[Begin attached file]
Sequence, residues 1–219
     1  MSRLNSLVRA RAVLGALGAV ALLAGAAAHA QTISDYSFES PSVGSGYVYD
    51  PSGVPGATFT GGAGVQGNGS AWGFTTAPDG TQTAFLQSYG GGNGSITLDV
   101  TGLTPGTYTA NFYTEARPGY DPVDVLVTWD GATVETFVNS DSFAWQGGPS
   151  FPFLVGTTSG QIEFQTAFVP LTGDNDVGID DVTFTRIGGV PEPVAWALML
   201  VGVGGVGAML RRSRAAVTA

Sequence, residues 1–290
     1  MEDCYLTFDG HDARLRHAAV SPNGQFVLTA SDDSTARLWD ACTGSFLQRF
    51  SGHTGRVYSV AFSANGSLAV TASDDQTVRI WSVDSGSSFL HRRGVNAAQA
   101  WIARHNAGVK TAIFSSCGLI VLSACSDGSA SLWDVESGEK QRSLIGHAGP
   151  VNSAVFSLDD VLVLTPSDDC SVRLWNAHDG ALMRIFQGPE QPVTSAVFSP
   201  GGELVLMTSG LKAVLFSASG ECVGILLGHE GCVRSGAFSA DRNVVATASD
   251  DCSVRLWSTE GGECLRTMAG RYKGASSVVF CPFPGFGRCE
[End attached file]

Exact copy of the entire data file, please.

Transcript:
Sequence, residues 1–219
     1  MSRLNSLVRA RAVLGALGAV ALLAGAAAHA QTISDYSFES PSVGSGYVYD
    51  PSGVPGATFT GGAGVQGNGS AWGFTTAPDG TQTAFLQSYG GGNGSITLDV
   101  TGLTPGTYTA NFYTEARPGY DPVDVLVTWD GATVETFVNS DSFAWQGGPS
   151  FPFLVGTTSG QIEFQTAFVP LTGDNDVGID DVTFTRIGGV PEPVAWALML
   201  VGVGGVGAML RRSRAAVTA

Sequence, residues 1–290
     1  MEDCYLTFDG HDARLRHAAV SPNGQFVLTA SDDSTARLWD ACTGSFLQRF
    51  SGHTGRVYSV AFSANGSLAV TASDDQTVRI WSVDSGSSFL HRRGVNAAQA
   101  WIARHNAGVK TAIFSSCGLI VLSACSDGSA SLWDVESGEK QRSLIGHAGP
   151  VNSAVFSLDD VLVLTPSDDC SVRLWNAHDG ALMRIFQGPE QPVTSAVFSP
   201  GGELVLMTSG LKAVLFSASG ECVGILLGHE GCVRSGAFSA DRNVVATASD
   251  DCSVRLWSTE GGECLRTMAG RYKGASSVVF CPFPGFGRCE